YOU ARE HERE: LAT HomeCollectionsPhotovoltaic Cells

Photovoltaic Cells

November 8, 1985
AFG Industries Inc., the Irvine-based glass maker, said Thursday it will be part of a three-company joint venture to build a new factory to manufacture photovoltaic modules, devices used to convert sunlight directly into electricity, for an Alabama utility. AFG will join Southern Electric Investment Inc. and Chronar Corp. to build the six-foot-high modules that will provide off-peak hour, reserve power for the investment company's parent, Alabama Power Co. Start-up of the $7.
August 8, 1997
Students at Alamitos Intermediate School will get a firsthand education in solar energy this fall when they become Orange County's first school to generate energy from a solar patio cover. The $30,000 shelter will be installed for free by Southern California Edison in a program that brings energy-generating solar panels to schools. The company will build a 46-by-49-foot patio shelter, equipped with 48 rooftop solar panels, extended over campus lunch tables.
September 26, 1995 | FRANK CLIFFORD
Straight from the sun, the latest breakthrough in clean fuels involves a solar-powered Ford Ranger pickup truck. The only exhaust emitted is water vapor. A joint project of Xerox Corp. and Clean Air Now, an environmental group, the experimental technology to be unveiled today in Los Angeles makes hydrogen fuel from sunlight concentrated in photovoltaic cells.
July 17, 2013
Calling all apartment, condo and cottage dwellers: We need you. We're looking for the best -- or should we say the worst? -- design conundrums for the space-starved. Trying to figure out how to incorporate a home office into a living room, kitchen or bedroom? Need to maximize storage in a minimal footprint? Be our case study. Send us a description of your problem at . Include photos. We'll pick some reader questions to pose to Kyle Schuneman. He's an interior designer, stylist for brands such as CB2 and the man behind L.A. at Home's design column and video series for renters, "The Apt. Life.
In a move that took experts by surprise, Houston-based Enron Corp., a giant energy developer, has proposed building the world's largest photovoltaic power plant at the Energy Department's Nevada Test Site, near Las Vegas. Equally unexpected, in an industry now producing electricity at a pricey 25 cents a kilowatt-hour, Enron says it will make power at 5.5 cents--which would make power converted directly from sunlight competitive with fossil fuel plants.
July 11, 1995
Just decades ago, with oil, coal and hydroelectric power lighting the world and driving its industries, alternate sources were dismissed by critics as utopian "wood chips and windmills." Since then, alternatives, most lumped under the category of renewable energy, have benefited from an infusion of technology, the faith of investors and the increasing expense of conventional fuels.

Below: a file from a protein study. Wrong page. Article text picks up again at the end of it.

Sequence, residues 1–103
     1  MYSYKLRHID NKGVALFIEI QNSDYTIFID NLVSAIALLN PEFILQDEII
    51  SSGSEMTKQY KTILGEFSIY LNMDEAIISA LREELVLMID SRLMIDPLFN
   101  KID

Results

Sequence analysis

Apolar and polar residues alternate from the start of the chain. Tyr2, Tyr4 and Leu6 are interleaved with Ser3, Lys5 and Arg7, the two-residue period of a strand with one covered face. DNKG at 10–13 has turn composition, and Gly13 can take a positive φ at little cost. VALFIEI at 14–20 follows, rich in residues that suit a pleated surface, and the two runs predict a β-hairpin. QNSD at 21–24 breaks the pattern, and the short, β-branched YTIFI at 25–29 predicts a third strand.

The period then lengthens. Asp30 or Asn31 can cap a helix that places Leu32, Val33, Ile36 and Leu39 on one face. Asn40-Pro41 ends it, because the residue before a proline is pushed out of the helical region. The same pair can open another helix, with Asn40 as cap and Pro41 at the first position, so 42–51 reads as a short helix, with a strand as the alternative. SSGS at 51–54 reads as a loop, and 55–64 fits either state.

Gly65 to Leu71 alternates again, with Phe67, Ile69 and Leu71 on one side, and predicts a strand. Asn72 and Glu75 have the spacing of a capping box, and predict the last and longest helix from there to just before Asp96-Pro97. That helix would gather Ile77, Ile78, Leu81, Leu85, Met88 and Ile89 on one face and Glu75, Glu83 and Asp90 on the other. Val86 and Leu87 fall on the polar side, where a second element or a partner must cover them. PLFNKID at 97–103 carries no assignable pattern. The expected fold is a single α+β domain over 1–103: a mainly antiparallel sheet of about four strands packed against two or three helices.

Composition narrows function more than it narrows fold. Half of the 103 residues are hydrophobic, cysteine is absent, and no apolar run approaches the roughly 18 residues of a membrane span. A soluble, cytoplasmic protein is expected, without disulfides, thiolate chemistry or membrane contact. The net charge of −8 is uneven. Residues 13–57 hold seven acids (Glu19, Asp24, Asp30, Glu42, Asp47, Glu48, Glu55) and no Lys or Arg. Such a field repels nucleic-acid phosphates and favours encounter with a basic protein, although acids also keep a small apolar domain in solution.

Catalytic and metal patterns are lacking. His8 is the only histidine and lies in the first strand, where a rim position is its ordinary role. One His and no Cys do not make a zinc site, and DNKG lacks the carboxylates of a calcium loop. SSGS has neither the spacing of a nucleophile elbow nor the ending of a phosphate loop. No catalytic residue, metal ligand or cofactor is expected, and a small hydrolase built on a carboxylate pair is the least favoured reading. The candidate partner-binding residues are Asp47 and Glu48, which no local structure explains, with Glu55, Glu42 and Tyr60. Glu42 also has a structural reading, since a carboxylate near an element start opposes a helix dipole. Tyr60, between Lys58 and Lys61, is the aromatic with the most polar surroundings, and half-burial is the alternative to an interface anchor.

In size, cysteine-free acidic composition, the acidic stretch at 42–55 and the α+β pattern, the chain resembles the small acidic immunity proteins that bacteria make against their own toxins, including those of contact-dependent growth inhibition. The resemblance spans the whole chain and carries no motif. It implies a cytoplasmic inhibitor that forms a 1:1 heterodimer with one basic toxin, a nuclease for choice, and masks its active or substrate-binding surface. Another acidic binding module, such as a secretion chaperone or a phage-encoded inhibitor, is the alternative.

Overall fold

January 5, 2001
Re "State's Energy Problem Has Roots Nationwide," Commentary, Jan. 3: I question the argument made by Bertram Wolfe and Chauncey Starr that solar power is impractical on a large scale because of the immense land use. It may be impractical for major corporations to use as a vehicle for profits, but it is not impractical to use in individual situations, and no more land will be used. If every roof in Southern California was covered with photovoltaic cells, there would not be an electrical energy problem.
August 4, 1985 | TERENCE M. GREEN
Designer-builder John Stebbins' innovative "holistic house," in which every aspect of modern energy-conservation techniques and equipment are used in every portion of the structure, is open for touring every weekend in the Meadowview section of Rancho California.
January 20, 1997 | LEE DYE
Imagine a solar power plant on the roof of your house that is as efficient at converting energy from the sun into electricity as crab grass is at taking over your lawn. Those two processes are not as far apart as they might seem. Both use photosynthesis, upon which all life on this planet depends. Plants use photosynthesis to produce the fuel for their growth, and in the process remove carbon dioxide from the atmosphere and make the oxygen we breathe.
One benefit of fall--and our return to standard time--is that we now rise to find sunshine, instead of gloomy half-light. On the other hand, darkness descends awfully early in the evening. But instead of stewing in the dark, this could be an opportunity to raise our consciousness about the importance of a simple thing like sunlight.
Los Angeles Times Articles